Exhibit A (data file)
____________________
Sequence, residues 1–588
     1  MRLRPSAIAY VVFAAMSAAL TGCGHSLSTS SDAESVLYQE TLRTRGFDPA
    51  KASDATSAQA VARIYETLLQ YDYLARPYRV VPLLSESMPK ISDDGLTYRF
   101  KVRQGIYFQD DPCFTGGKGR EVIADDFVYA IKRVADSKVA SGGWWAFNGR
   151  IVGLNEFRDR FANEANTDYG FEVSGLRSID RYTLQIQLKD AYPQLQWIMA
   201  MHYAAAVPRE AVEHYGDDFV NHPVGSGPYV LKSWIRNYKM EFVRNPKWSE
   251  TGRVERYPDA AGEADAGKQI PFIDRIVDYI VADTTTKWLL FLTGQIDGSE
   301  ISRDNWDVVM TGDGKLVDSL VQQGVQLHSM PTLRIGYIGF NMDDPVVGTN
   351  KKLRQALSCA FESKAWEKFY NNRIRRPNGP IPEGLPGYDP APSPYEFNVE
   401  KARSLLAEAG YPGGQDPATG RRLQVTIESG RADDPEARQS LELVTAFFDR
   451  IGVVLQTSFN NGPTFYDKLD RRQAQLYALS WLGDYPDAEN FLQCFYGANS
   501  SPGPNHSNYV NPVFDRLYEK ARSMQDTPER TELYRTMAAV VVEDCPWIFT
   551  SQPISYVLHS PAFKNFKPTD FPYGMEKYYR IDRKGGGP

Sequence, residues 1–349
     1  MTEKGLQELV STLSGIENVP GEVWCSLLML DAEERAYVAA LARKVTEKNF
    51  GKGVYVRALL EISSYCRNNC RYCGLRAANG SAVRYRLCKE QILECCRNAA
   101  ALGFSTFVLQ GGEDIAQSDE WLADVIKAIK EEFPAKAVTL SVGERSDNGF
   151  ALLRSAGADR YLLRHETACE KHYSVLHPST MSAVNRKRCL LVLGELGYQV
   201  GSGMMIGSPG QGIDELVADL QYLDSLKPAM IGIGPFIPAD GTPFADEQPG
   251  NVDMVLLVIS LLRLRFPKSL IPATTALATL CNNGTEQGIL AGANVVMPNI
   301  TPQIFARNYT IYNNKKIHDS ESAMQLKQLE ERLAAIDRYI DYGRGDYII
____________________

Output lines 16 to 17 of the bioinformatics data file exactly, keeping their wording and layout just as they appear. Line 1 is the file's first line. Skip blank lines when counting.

    51  GKGVYVRALL EISSYCRNNC RYCGLRAANG SAVRYRLCKE QILECCRNAA
   101  ALGFSTFVLQ GGEDIAQSDE WLADVIKAIK EEFPAKAVTL SVGERSDNGF